France lays out welcome mat

September 14, 2001

Foreigners who want to study in France should soon find it easier to take up residence and support themselves there.

Education minister Jack Lang and minister of foreign affairs Hubert Vedrine have announced measures that will simplify entry procedures and remove administrative obstacles in a bid to entice more applicants from abroad to enrol in French higher education.

The ministers presented the measures, which are based on recommendations made in a report by Elie Cohen, international relations adviser at the ministry of education, to a conference of foreign ambassadors to France.

New provisions include:

  • Each university will define its own policy through a "declaration of international action"
  • A new council for the reception of foreign students will monitor the policies, make proposals and devise a "charter of quality"
  • Administrative changes will make it easier for ex-pupils of French schools abroad, up to 70 per cent of whom are not French nationals, to enter higher education in France. They will be eligible for a new system of grants. (According to the Cohen report, former pupils make 5,000 applications each year, but only 1,700 result in enrolments)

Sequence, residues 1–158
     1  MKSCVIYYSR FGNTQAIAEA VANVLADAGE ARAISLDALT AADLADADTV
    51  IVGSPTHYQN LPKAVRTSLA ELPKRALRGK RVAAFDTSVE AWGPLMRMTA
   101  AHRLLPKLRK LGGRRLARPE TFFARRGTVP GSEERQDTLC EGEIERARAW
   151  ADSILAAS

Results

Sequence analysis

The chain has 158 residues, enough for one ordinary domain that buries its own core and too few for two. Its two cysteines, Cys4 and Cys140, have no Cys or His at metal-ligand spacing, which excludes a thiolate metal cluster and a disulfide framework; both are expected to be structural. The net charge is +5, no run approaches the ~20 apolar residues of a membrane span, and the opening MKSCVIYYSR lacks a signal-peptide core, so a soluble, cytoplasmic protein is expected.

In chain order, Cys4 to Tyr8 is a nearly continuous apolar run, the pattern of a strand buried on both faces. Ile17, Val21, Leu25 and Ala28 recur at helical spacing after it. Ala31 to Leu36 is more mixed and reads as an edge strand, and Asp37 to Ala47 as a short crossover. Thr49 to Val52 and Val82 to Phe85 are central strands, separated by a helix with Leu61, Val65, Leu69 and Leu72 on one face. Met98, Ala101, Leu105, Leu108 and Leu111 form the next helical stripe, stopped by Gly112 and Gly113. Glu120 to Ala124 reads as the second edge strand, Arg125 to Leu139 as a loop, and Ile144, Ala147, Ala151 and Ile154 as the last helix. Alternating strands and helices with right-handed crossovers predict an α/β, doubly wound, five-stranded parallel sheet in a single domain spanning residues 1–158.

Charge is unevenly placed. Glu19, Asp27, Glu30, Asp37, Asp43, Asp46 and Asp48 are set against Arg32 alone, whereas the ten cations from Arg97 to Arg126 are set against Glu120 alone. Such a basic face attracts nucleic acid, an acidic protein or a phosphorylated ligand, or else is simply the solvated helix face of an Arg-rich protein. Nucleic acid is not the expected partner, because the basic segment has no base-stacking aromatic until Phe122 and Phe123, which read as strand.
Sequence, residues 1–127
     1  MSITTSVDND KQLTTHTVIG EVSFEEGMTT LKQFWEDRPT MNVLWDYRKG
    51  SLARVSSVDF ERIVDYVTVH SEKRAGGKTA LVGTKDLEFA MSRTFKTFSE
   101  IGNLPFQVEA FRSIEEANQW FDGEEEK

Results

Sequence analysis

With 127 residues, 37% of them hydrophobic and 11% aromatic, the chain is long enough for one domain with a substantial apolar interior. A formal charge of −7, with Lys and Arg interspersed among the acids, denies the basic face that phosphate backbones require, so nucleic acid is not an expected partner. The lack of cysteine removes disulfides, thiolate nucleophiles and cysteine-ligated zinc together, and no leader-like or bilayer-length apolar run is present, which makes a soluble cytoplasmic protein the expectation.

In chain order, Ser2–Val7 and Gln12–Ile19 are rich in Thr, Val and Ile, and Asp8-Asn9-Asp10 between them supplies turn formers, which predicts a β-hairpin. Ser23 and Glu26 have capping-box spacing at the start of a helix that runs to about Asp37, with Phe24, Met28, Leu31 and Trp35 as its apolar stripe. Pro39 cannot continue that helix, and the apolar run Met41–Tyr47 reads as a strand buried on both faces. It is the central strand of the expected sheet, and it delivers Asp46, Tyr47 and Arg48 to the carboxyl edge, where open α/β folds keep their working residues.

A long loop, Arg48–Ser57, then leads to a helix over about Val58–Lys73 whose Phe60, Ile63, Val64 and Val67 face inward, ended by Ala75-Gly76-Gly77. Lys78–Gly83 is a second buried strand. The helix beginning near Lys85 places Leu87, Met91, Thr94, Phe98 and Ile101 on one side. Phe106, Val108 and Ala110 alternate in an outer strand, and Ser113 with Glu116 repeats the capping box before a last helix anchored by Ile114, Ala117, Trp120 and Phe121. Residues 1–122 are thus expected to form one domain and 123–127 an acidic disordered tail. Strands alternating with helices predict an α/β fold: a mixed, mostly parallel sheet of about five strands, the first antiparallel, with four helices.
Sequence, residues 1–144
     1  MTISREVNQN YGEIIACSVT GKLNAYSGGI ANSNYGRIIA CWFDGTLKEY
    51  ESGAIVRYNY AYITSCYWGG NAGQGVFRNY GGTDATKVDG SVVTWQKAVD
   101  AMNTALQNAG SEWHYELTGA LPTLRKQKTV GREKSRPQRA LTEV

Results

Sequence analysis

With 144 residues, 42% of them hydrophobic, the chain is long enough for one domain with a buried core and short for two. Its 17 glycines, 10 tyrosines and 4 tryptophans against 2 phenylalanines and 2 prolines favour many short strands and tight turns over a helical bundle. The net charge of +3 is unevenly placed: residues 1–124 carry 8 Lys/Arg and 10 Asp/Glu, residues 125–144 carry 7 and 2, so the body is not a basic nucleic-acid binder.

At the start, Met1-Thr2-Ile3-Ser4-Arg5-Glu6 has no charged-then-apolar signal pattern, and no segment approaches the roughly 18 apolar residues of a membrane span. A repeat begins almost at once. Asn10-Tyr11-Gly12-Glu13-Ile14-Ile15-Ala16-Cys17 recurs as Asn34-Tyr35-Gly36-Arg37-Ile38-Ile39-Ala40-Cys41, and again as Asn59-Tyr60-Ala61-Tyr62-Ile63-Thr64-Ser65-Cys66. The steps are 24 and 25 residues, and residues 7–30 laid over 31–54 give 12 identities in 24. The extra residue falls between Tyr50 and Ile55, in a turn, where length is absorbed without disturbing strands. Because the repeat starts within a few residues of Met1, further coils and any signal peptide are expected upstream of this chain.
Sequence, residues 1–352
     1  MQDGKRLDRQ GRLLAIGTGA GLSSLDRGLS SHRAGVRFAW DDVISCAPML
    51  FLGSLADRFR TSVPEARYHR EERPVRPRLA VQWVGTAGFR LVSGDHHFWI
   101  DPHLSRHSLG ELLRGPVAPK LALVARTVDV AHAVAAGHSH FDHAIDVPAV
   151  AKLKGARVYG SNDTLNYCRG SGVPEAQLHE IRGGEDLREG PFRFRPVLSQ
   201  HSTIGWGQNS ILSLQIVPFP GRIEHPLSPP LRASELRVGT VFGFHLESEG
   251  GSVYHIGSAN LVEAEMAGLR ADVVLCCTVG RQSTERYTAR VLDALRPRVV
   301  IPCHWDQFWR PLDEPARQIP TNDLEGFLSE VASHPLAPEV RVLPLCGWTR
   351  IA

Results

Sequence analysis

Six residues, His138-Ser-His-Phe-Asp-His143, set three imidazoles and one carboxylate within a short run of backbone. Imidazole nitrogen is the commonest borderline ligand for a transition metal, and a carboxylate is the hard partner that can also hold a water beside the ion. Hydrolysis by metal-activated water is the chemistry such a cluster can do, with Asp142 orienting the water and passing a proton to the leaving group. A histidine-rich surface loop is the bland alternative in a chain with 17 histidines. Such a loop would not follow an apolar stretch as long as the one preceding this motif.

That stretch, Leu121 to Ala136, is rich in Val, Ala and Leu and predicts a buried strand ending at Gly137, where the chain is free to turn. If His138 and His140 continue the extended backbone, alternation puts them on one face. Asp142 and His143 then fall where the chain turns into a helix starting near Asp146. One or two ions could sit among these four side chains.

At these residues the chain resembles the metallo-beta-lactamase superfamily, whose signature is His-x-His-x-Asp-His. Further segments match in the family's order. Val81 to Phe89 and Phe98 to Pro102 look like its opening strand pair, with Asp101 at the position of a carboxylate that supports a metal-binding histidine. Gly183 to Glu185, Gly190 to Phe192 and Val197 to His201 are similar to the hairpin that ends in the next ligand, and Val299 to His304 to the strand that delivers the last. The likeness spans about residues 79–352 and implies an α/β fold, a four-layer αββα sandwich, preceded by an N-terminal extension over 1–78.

• The ministries of education, foreign affairs, employment and the interior will cooperate to cut bureaucracy within universities, such as simplifying the issuing of work permits for foreign students
  • Diplomas will be translated to conform to international standards. For example, "baccalaureat plus 3" will become "bachelor".

In 1998, the government introduced a student visa, a restructured scholarship programme and an agency to promote French higher education abroad.

Two years ago, foreign enrolments started to rise after a period of steady decline. Last year, 173,000 students from abroad studied in French, representing 10 per cent of the university population and 25,000 more than in 1998.

Half of them came from Africa, nearly 30 per cent were from Europe, 14 per cent from Asia and 7 per cent from America.

But foreign enrolments still fall short of the numbers the government wants to attract to compete with countries such as the United States.

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